I’ll always hate winter, but I’m thankful for the traditions it’s given me
Despite a sun lamp illuminating my hunched figure stooped over my laptop at all hours of the afternoon, despite the bite of the air and the wind personally painting my cheeks and nose shades of red that could never compare to my Glossier blush, and despite my forever hatred for the chilling months of the Midwest winters I’ve never been able to escape, there are always, always, always redeeming moments of the season that make even the negative-degree days seem warm.
I’ve never had a real, full Christmas tree because, for one, I’ve never had a house big enough for one of those, but more importantly, my brother is allergic to evergreen trees. The thin, plastic, only-a-few-inches-taller-than-me tree that changes location in the living room every year to match the ever-changing layout is, honestly, a relic.
Traveling throughout my many homes these past years, the tiny tree whose “branches” aren’t full enough to even slightly mimic a real tree can barely handle the weight of some of our lightest ornaments, but I wouldn’t want it any other way. We never go all-out for any holiday, and Christmas—I’ve never been sure why we “celebrate” it because we’ve never set foot in a church—is no different. In fact, we didn’t even set up our tree this year. And I do miss it.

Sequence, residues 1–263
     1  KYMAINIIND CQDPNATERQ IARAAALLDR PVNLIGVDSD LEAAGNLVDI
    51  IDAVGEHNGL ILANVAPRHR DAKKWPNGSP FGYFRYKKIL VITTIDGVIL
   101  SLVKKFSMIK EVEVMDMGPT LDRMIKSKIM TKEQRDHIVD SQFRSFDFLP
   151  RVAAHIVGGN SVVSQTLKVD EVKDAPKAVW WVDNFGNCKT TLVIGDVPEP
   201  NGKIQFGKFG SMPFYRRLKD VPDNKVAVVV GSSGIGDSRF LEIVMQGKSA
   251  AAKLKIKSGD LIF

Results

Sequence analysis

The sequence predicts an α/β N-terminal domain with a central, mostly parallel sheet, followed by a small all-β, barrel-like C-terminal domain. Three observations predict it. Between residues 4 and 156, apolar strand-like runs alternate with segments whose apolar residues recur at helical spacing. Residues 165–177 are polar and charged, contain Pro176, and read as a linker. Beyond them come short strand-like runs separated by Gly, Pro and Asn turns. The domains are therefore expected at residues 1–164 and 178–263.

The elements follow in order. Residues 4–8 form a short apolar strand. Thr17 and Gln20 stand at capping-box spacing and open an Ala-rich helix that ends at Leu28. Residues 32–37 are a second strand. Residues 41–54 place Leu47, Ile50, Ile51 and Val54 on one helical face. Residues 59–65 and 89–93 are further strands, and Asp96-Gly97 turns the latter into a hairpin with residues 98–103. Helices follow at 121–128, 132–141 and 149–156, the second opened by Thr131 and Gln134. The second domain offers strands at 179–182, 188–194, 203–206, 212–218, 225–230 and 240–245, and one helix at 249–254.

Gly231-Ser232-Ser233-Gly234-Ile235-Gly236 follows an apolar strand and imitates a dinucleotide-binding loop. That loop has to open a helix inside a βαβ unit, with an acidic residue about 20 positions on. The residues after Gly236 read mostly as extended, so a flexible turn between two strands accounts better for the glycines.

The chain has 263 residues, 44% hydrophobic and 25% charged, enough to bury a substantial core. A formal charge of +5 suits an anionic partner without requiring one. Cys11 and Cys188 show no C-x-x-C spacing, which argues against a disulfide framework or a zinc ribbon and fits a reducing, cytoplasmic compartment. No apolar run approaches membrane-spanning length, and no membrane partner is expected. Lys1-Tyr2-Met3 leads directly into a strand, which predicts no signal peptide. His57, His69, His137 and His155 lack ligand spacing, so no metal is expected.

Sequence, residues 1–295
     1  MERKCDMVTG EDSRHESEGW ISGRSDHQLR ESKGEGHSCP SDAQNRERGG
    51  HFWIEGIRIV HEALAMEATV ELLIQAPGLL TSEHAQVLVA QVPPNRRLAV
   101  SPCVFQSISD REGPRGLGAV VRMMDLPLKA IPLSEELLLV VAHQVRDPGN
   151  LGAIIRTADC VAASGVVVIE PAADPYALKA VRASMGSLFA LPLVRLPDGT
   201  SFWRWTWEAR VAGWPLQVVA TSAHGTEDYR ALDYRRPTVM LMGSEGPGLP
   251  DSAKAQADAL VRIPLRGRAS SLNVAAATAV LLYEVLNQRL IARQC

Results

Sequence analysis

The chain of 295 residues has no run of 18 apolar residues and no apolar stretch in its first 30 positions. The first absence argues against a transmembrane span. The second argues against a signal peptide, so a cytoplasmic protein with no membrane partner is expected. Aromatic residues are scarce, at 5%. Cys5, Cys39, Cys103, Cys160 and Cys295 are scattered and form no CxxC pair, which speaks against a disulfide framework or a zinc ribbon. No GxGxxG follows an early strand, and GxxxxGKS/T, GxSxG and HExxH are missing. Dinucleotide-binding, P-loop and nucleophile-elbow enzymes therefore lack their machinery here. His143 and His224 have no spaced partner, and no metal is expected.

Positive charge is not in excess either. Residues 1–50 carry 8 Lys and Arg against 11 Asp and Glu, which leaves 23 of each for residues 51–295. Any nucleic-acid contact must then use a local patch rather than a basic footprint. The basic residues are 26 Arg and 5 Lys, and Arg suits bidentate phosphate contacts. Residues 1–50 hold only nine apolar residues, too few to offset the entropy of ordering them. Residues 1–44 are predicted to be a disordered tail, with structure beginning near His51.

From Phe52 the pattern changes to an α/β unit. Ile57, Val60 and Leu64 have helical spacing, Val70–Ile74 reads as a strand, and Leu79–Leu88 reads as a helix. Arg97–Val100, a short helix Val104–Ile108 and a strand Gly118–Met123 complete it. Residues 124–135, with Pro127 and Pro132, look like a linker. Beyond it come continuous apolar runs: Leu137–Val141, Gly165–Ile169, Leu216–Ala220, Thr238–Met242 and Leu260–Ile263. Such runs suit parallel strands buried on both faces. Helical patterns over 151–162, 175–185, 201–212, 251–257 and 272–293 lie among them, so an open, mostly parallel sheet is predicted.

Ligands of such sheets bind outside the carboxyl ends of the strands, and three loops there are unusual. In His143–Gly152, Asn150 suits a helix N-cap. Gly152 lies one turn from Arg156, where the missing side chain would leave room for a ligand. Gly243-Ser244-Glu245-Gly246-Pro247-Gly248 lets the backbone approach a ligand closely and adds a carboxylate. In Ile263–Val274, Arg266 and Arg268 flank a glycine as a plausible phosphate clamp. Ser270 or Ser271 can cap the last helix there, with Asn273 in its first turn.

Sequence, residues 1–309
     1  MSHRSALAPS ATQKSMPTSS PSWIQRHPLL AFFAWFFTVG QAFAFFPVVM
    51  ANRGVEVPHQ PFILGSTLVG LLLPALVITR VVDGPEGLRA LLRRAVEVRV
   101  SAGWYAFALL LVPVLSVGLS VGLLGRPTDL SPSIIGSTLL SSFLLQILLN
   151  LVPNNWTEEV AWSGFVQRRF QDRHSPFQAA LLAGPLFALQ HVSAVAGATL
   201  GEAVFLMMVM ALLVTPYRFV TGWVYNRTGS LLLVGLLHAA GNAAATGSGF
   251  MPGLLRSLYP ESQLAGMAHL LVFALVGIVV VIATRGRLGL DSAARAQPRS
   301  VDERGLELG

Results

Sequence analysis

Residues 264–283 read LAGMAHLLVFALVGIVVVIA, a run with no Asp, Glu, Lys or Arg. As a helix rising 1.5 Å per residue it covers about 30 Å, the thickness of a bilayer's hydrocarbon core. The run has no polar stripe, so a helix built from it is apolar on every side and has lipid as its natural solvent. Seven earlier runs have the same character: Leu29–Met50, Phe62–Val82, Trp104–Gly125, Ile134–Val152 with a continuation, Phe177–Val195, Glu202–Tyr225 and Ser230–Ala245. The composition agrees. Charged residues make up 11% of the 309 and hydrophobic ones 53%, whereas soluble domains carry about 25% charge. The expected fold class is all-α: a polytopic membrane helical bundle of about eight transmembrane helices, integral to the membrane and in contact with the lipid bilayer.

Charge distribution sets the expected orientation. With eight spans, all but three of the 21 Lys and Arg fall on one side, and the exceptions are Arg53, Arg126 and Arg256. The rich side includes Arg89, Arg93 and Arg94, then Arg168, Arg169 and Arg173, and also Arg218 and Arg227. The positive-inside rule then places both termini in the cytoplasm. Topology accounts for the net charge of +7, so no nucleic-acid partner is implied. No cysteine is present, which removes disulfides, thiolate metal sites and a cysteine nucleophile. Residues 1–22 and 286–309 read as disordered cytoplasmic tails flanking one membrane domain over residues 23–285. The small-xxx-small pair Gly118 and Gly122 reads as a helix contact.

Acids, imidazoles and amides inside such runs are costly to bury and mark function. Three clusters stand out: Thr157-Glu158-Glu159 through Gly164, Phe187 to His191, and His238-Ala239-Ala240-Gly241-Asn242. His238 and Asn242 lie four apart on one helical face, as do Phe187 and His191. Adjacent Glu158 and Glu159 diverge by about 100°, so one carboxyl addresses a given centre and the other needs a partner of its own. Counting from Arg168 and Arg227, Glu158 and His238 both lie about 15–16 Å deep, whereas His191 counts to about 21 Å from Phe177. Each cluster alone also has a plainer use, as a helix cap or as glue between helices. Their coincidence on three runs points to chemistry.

While we did miss the mark on even half-decorating for the holiday this year, the tried-and-true tradition that truly highlights every winter is watching National Lampoon’s Christmas Vacation. A movie my entire family can quote any given line from any time, it is constantly playing in the living room, but our true “tradition” is letting it play on Christmas Eve as we all sit around my grandpa’s old card table and play Euchre late into the night.
It’s little moments like these, moments that never fade or change or alter no matter the circumstances of any given year, that color the dark, dark days of December. I am an avid winter hater, but the way my family celebrates a holiday we honestly have no right celebrating makes up for the early mornings scraping snow off my car, the sun setting at an ungodly early time, and the perpetually blue fingertips during these months.